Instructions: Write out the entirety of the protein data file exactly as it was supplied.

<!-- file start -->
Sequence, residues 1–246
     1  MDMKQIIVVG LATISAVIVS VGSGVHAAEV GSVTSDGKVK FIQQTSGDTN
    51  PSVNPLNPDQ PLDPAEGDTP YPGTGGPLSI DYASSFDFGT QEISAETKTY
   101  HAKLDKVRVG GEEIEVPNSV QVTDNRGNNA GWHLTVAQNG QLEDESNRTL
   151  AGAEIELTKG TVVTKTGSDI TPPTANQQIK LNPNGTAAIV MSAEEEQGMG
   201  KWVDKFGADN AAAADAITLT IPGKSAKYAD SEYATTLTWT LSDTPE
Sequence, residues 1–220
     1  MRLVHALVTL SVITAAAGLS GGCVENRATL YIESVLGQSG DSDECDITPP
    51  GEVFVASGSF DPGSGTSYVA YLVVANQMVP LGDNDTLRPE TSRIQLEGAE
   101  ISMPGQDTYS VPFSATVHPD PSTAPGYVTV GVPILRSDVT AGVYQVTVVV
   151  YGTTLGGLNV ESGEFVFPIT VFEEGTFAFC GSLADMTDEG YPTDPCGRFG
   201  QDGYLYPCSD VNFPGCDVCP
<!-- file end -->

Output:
Sequence, residues 1–246
     1  MDMKQIIVVG LATISAVIVS VGSGVHAAEV GSVTSDGKVK FIQQTSGDTN
    51  PSVNPLNPDQ PLDPAEGDTP YPGTGGPLSI DYASSFDFGT QEISAETKTY
   101  HAKLDKVRVG GEEIEVPNSV QVTDNRGNNA GWHLTVAQNG QLEDESNRTL
   151  AGAEIELTKG TVVTKTGSDI TPPTANQQIK LNPNGTAAIV MSAEEEQGMG
   201  KWVDKFGADN AAAADAITLT IPGKSAKYAD SEYATTLTWT LSDTPE
Sequence, residues 1–220
     1  MRLVHALVTL SVITAAAGLS GGCVENRATL YIESVLGQSG DSDECDITPP
    51  GEVFVASGSF DPGSGTSYVA YLVVANQMVP LGDNDTLRPE TSRIQLEGAE
   101  ISMPGQDTYS VPFSATVHPD PSTAPGYVTV GVPILRSDVT AGVYQVTVVV
   151  YGTTLGGLNV ESGEFVFPIT VFEEGTFAFC GSLADMTDEG YPTDPCGRFG
   201  QDGYLYPCSD VNFPGCDVCP